Posted by: Charissa Heckard | February 7, 2012

Thoughts on Reclaimed Water

Parks in Flagstaff use Reclaimed Water

The term reclaimed water means that water has been used by humans, recycled and now can be used for non-drinking needs. It is delivered to parks, school fields, golf courses and homes. It cuts down on the use of drinking water to irrigate lawns or park areas when the same water can be reused over again.

Tucson has been using reclaimed water for over 27 years saying it is not filtered for drinking or bathing. It is strictly for non-drinking water uses. Tucson’s governmental website  says that children and pets should be okay around the reclaimed water, but if they get sick they should be seen by a doctor.

One could become sick from this water because of remaining sewage that wasn’t filtered out. If ingested, symptoms such as nausea, vomiting and  diarrhea could occur. They claim getting sick from the water isn’t common.

Something that confuses me is how they encourage the use of reclaimed water on crop plants. They also encourage its use in vineyards and fields. I don’t understand how companies can encourage the use of reclaimed water on food items humans will consume. If we are not supposed to ingest the water, what makes it okay to eat food that has been grown with reclaimed water.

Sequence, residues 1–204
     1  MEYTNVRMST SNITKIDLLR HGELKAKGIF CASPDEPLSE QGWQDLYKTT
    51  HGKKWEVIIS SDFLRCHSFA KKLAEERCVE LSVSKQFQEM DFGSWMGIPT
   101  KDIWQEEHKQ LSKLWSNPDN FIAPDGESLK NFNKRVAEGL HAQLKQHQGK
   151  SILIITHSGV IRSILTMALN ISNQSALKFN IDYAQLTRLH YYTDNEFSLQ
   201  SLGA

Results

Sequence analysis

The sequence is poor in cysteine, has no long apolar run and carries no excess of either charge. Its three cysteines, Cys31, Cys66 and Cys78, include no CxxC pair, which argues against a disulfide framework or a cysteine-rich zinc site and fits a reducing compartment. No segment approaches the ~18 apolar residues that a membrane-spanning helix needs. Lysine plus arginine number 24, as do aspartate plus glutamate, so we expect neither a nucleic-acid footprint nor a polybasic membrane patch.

Another issue I see is that when companies use reclaimed water, chemicals could potentially poison the ground water and get into our drinking water. What people fail to realize is that a lot of our water is all connected. Certain chemicals are not taken out of reclaimed water such as hormones, flame retardants, pesticides, medication and others.

A large controversy took place on the beautiful  San Fransisco Peaks in Flagstaff, Ariz. A project was planned in 2001 to purchase reclaimed waste water from the city of Flagstaff and use it to make snow in Snowbowl. This presents concerns because possible dangers to the ecosystem have not been tested thoroughly. We have already established the regulations in Flagstaff are faulty when it comes to screening chemicals.

Triclosan is one of the chemicals found in the reclaimed water that worries me. It is found in many household items, such as soaps. There have been studies proving it to be a hazardous chemical. Since 95 percent of items made with triclosan gets washed down the drain, of course it’s going to end up in our water systems.  In reclaimed water triclosan mimics estrogen like chemicals. If you haven’t caught on yet, many of the chemicals in water mimic estrogen hormones.

Despite environmentalist’s protest and concerns about the interaction between the water and surrounding ecosystems, the project moved forward and snow is being created with reclaimed water.

Correct regulations as well as implementation of regulations could lead to healthier reclaimed water. If cities adapt to the newest and latest technology reclaimed water could be an idea that benefits many people. An article in National Geographic talks about the possibility of reclaimed water being safe enough to drink with the proper technology. It’s fascinating to see the other side and see that there might be hope for reclaimed water.

Reclaimed water is a difficult and controversial subject because there are ongoing studies proving it to be good and bad. If you have further information, please share.

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